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North Korea said to be rebuilding nuke plant

  • Story Highlights
  • Kyodo news agency says North Korea rebuilding its main nuclear complex
  • Move said to be response to U.S. failure to drop it from terrorism sponsors list
  • North Korea also may consider restoring plutonium-producing facility
  • Washington, N. Korea have been negotiating how to verify disablement
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(CNN) -- North Korea has started reassembling its main nuclear complex in retaliation for U.S. refusal to remove the Stalinist state from a list of states that sponsor terrorism, it was reported Wednesday.

The report from Japan's Kyodo news agency said work at the Yongbyon complex began Tuesday.

Asked to confirm the report, U.S. National Security Council spokesman Gordon Johndroe would only say that "the process is not moving in the direction we want it to move in."

"We think North Korea is taking these steps because it has not been removed from the terrorism list," he said Wednesday.

North Korea announced last week that it had stopped disabling its nuclear plants on August 14 and would consider rebuilding its reactor because the United States has not removed it from a list of states that sponsor terrorism.

U.S. State Department deputy spokesman Robert Wood said at the time that such a move would be "a step backward" and a violation of North Korea's commitments under a six-party deal involving the U.S., Russia, the two Koreas, China and Japan. Video Watch Christiane Amanpour explain latest developments »

North Korea agreed to a complete dismantling of its Yongbyon nuclear complex by October. In return, U.S. President George Bush said he would lift some U.S. sanctions against the communist state and remove it from a State Department list of state sponsors of terrorism.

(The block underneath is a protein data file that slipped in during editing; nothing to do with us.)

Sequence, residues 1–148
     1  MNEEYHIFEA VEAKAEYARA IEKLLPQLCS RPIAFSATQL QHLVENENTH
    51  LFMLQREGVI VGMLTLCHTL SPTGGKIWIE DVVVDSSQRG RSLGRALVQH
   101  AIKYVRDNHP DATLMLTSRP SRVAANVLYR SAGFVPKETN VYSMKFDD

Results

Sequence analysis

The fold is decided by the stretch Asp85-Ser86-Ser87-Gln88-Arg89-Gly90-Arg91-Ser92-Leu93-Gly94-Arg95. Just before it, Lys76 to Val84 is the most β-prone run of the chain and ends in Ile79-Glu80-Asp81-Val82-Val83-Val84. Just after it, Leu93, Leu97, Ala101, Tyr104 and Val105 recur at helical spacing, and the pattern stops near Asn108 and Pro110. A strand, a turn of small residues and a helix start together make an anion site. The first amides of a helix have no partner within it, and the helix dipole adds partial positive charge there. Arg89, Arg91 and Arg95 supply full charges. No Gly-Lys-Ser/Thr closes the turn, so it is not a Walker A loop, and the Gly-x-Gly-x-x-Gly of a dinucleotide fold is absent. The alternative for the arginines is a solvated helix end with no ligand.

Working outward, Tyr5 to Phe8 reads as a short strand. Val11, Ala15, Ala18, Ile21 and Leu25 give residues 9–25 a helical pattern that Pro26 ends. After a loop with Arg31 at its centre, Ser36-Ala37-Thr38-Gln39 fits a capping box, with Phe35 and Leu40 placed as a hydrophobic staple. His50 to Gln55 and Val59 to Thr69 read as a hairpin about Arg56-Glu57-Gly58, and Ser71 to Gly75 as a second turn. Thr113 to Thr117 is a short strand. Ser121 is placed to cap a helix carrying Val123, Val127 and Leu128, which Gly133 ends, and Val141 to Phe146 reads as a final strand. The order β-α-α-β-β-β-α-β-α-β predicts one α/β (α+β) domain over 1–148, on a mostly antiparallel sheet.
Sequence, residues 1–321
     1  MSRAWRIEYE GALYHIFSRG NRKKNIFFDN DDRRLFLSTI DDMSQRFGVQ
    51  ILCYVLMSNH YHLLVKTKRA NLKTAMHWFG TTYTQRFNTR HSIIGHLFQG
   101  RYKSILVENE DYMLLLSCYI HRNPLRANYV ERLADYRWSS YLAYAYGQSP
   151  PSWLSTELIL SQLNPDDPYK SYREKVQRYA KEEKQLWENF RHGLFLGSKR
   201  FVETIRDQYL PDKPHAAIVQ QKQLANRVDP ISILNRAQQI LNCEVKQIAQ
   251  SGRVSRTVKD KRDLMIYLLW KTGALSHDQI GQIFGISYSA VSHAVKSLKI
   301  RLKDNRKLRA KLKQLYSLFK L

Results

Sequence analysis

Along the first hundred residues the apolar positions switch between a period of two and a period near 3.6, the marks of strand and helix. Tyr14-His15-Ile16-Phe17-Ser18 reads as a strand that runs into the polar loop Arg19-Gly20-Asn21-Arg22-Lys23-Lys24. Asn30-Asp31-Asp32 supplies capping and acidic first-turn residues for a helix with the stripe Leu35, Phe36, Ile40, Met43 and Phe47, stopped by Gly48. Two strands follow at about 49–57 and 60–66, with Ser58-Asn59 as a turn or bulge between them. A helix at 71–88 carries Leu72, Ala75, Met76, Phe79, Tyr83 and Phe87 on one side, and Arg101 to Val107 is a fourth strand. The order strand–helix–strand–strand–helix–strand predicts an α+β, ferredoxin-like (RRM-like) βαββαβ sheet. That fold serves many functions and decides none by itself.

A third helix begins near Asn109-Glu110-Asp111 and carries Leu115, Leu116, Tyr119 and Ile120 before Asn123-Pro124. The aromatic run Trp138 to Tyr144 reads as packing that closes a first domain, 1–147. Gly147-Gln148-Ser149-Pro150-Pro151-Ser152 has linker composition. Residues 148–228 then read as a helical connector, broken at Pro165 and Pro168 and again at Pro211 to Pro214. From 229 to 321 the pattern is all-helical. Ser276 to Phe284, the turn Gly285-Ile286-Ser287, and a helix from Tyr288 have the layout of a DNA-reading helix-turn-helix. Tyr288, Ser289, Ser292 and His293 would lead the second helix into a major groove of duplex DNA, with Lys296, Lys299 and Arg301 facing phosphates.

The sticking point between the two countries involves verification. Washington has said it will not remove North Korea from the terrorism list until Pyongyang agrees to set up an internationally recognizable mechanism to verify its declaration.

"As soon as have it, we will remove North Korea from the terror list," Johndroe said, referring to a "credible verification protocol."

"North Korea knows what it needs to do at this point," he added. "The six-party talks operate on a principle of action-for-action."

The United States has demanded that inspectors be given the right to visit all suspected nuclear facilities without notice, said the South Korean news agency, Yonhap.

North Korea rejects that provision.

"The U.S. is gravely mistaken if it thinks it can make a house search in (North Korea) as it pleases just as it did in Iraq," the North Korean Foreign Ministry said in a statement carried by the state-run Korean Central News Agency (KCNA).

In June, North Korean officials turned over to China a 60-page declaration, written in English, that detailed several rounds of plutonium production at the Yongbyon plant, dating to 1986.

In it, North Korea acknowledges producing roughly 40 kilograms of enriched plutonium -- enough for about seven nuclear bombs, according to the U.S. State Department.

Soon after, North Korea publicly destroyed a water cooling tower at the Yongbyon facility.

North Korea agreed to abandon its atomic weapons program on a promise that it would receive energy aid equivalent to one million tons of heavy fuel oil from the five other nations involved in the disarmament talks: the United States, South Korea, China, Japan and Russia.

The parties to the talks also agreed on a system for verifying North Korea's compliance, including "visits to facilities, review of documents, interviews with technical personnel and other measures unanimously agreed upon among the six parties," according to a joint statement they released.

Last week, the North Korean Foreign Ministry said that the United States was in "outright violation" of the agreement.

"The U.S., however, raised all of a sudden an issue of applying an 'international standard' to the verification of the nuclear declaration, abusing this agreed point," the statement said. "It (pressured North Korea) to accept such inspection as scouring any place ... as it pleases to collect samples and measure them."

South Korea's Foreign Ministry said it was disappointed by its neighbor's decision.

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"The measure is regrettable as it came at a time when the six parties have to make concerted efforts to complete phase two of the denuclearization process," ministry spokesman Moon Tae-young told reporters.

He said Seoul "will work closely with relevant countries to have North Korea resume the disablement work as early as possible."

All About North KoreaWorld PoliticsNuclear ProliferationUnited States

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